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Danger From Above

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Raptors come in all shapes and sizes, and most are not a threat to healthy adult waterfowl, even small species like teal. Of the many factors that influence what raptors eat, size is the most important. The sizes of raptors and their prey are directly related. For example, with a wingspan of seven feet, golden eagles are the largest raptors in North America and can easily take cackling geese, while smaller bald eagles cannot. At the other end of the spectrum, green-winged teal see northern harriers as enough of a threat that they take flight when these medium-size raptors approach. Mallards, which are significantly larger and heavier than greenwings, typically show little concern when harriers pass by.

While it's energetically advantageous for raptors to take large prey, the potential benefits must be balanced with the risk of going after something too big. Researchers in California recounted observing a golden eagle that attempted to grab a Great Basin Canada goose, somewhat larger than the cackling geese these raptors readily prey on. In this instance, after the eagle failed to secure the goose by the back, the goose grabbed the eagle with its bill and gave it several good whacks with its wings. The two birds parted ways with neither showing signs of injury, but if the goose had squarely landed a blow and broken one of the eagle's hollow wing bones, the raptor would have likely perished as a result.

Being hunters ourselves, man has long been in awe of the enviable predatory skills and aerial capabilities of raptors like eagles and falcons. While many children dream of becoming a fighter pilot when they grow up, most of us never realize that ambition. But regardless of our age, we can still live the dream by thoughtfully watching and vicariously flying along with the raptors that we see while visiting wetlands and other wild places.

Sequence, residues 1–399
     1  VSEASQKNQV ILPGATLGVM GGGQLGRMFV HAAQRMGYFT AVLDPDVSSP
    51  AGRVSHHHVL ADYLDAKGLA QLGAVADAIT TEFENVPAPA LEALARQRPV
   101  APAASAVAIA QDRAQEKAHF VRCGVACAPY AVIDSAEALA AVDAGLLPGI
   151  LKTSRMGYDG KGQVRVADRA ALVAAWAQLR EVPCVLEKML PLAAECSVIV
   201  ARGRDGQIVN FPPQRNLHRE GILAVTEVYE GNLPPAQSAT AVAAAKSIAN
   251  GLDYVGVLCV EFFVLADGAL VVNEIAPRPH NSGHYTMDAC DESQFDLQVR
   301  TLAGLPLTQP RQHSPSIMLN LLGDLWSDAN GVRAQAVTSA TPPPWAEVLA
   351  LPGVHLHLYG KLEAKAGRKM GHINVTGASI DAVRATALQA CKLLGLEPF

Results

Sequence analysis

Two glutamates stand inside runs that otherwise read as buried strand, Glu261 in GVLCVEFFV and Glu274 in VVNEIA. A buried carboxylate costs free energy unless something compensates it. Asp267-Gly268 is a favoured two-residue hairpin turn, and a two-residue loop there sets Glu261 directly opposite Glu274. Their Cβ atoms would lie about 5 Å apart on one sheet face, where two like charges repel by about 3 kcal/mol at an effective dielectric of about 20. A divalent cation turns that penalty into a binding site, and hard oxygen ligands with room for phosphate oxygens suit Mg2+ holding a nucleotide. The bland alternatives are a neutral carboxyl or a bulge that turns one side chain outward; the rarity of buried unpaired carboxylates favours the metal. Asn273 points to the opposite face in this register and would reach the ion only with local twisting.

Raptors, Ducks, and Habitat

While it would be easy to assume that fewer raptors would mean more ducks, no studies have indicated that these birds take enough waterfowl to significantly depress their populations. Waterfowl and raptors have shared the same habitats for hundreds of thousands of years, and in healthy ecosystems both groups of birds thrive in "the balance of nature." Like most predators, raptors tend to take the small and the weak. For example, a study of crippled mallards in Wisconsin found that most of the birds were killed by predators, and raptors including red-tailed hawks, northern harriers, and great horned owls accounted for about half of the predation.

By managing healthy ecosystems, we can help ensure that the balance of nature is maintained. Some specific management practices include:

  • Minimizing encroachment by trees on the prairies, where raptor numbers were historically limited by a lack of perching sites.
  • Managing healthy prairie uplands and wetlands to provide secure cover for nesting hens and broods.
  • Maintaining shrubby vegetation like buttonbush in forested wetlands to provide cover for wood duck ducklings.
  • Avoiding habitat loss and wetland drawdowns that concentrate waterfowl and expose them to increased risk from raptors and other predators.

—Scott Yaich, Ph.D., Ducks Unlimited Director of Conservation Operations

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